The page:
A WWII veteran keeps on fighting for survival.
Late in life, he was only given days to live and continues defying the odds.
“I enlisted in the Air Force in 1942 in November and I got out November of ’45,” said Wesley “Wes” Young, a WWII veteran from Appleton. “I spent three years in the Air Force.”
He moved supplies around Western Europe as a passenger on a C-47 during World War II.
He was 22 at the time and led a healthy life into his 90s.
But that is when he would be up against incredible odds yet again.
“Went to church in the morning,” he said. “It was Sunday. I took a nap after dinner and everyone was sitting outside. I walked outside and sat in a lawn chair and I just threw up blood.”
The likely cause was a growth on one of his lungs.
He was given a death sentence, but he was not ready to go.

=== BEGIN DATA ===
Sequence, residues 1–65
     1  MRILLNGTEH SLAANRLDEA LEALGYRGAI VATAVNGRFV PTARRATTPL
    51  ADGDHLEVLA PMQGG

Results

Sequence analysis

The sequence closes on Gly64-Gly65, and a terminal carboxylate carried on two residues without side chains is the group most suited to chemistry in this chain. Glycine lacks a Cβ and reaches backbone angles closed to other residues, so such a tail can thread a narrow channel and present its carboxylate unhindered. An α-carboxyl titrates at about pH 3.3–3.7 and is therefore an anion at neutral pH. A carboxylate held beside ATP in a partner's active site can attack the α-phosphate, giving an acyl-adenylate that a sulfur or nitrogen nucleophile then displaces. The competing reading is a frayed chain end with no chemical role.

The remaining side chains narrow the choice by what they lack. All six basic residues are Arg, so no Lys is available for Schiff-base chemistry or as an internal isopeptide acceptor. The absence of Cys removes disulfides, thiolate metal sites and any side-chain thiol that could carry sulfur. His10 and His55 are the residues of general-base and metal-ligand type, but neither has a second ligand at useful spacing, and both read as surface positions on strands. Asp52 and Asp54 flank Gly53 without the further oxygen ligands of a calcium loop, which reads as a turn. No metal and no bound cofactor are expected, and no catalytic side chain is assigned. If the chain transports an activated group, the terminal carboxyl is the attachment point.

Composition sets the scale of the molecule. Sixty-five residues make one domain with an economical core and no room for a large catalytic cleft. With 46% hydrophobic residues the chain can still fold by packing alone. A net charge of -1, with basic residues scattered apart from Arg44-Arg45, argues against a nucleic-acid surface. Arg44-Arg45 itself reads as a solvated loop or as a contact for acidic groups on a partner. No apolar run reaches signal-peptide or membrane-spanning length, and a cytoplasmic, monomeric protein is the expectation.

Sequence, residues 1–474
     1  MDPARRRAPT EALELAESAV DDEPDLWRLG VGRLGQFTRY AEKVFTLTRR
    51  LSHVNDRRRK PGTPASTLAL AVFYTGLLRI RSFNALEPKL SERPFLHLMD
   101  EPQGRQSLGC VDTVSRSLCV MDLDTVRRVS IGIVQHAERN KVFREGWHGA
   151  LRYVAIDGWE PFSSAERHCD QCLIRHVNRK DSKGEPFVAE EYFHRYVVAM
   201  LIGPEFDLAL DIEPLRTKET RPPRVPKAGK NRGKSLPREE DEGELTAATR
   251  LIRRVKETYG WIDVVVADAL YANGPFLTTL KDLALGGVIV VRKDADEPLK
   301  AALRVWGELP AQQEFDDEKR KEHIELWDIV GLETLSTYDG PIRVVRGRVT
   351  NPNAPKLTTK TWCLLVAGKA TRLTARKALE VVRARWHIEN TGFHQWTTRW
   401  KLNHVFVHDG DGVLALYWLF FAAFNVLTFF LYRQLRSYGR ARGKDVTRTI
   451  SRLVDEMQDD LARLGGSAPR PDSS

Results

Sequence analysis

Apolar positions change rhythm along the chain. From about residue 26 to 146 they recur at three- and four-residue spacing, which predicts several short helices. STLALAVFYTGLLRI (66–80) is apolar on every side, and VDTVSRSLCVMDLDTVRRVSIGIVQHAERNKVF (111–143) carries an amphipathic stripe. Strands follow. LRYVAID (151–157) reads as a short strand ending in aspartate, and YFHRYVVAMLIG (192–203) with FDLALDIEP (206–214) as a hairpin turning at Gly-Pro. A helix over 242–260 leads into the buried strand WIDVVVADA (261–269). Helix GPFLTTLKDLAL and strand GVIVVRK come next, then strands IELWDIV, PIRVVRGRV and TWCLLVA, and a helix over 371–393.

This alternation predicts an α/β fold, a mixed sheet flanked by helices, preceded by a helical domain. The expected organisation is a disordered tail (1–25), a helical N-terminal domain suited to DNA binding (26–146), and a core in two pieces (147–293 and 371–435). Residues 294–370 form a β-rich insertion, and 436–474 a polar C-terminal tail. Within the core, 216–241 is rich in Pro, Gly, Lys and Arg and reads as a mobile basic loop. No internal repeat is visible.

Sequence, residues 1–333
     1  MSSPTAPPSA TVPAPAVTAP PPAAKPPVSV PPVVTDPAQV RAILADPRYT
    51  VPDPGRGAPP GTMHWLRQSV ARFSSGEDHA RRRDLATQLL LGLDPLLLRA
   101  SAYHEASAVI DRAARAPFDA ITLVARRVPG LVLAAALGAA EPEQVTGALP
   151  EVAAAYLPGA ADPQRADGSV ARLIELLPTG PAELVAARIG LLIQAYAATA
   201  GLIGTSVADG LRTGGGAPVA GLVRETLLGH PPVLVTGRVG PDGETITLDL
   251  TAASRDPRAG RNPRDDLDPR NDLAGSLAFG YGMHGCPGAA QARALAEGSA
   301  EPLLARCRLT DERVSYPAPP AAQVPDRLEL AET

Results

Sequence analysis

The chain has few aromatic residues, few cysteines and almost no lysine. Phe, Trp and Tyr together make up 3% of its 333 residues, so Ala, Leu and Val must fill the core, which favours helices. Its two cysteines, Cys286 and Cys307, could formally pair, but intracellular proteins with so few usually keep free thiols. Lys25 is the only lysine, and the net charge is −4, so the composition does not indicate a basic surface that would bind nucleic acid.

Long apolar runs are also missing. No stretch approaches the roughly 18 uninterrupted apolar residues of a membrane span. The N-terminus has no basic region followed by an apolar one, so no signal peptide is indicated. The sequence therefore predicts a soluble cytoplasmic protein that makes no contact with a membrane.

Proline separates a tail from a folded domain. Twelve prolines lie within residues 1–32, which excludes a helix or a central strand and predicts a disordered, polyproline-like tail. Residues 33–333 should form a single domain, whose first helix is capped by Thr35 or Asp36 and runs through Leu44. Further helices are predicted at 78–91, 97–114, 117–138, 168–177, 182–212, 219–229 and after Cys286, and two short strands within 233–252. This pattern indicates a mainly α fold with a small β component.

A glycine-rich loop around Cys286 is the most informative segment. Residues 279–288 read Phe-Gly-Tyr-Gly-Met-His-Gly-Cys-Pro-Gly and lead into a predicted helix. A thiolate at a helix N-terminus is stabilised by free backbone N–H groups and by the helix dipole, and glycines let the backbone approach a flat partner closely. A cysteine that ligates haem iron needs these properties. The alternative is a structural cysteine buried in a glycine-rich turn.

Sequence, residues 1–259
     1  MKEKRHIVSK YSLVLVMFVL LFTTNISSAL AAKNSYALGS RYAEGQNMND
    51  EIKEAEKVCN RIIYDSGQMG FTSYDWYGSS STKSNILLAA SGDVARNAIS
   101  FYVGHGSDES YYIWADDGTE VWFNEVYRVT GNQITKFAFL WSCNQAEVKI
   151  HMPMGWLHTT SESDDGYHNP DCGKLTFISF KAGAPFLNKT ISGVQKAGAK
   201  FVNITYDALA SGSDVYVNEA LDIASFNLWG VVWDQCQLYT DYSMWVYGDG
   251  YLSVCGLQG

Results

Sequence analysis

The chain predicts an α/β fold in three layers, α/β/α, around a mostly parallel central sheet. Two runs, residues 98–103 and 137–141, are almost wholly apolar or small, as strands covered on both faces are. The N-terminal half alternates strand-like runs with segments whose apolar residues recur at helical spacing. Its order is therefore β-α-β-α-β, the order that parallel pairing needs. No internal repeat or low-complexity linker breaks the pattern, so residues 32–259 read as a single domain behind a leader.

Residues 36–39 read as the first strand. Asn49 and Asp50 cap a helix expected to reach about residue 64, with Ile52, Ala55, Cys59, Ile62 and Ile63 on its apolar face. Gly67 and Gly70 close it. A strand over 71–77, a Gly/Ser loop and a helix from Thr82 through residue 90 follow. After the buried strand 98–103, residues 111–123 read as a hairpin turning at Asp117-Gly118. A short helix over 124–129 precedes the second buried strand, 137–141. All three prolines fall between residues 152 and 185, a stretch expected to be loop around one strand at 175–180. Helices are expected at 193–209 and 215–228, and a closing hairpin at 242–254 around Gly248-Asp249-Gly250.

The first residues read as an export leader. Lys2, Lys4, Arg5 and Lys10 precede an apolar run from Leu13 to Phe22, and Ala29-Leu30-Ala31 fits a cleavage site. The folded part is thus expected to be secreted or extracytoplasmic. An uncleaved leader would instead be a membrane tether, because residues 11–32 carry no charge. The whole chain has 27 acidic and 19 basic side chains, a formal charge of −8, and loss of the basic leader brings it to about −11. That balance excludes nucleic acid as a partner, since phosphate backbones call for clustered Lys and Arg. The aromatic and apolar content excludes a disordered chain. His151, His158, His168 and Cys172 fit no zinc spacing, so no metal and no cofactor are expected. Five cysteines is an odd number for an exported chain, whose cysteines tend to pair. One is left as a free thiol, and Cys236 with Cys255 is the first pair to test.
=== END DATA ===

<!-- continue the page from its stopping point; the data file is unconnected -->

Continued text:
“They gave me two days to live and I beat that rap,” said Young.
Wes kept asking for water, but doctors said he should not eat anything because he will not be able keep it down.
That is when a new friend working in hospice asked Wes’s daughter to hear him out.
“I said, ‘Well, give him some water.’ And she said he’s not supposed to, and I said, ‘Well, this is your dad’s dying wish. Give him some water.’
Then I heard him whisper that he wanted some soda,” recalls Dennis Nagan, a family friend who visits Wes every week.
She goes, ‘Well, what are you going to do?’ I said, ‘I’m going to go get him some soda if it’s OK with you.'”
“A little while after that, he whispered that he wanted some sherbet. She goes, ‘What are you going to do?’ I said, ‘We’re going to get him some sherbet!'”
And now, three years later, Wes’s extra time keeps ticking.
“No matter how bleak something gets, if you believe, great things can happen,” said Nagan. “It’s just a really cool miracle.”
Wes has eight children who make a point to visit him as often as they can.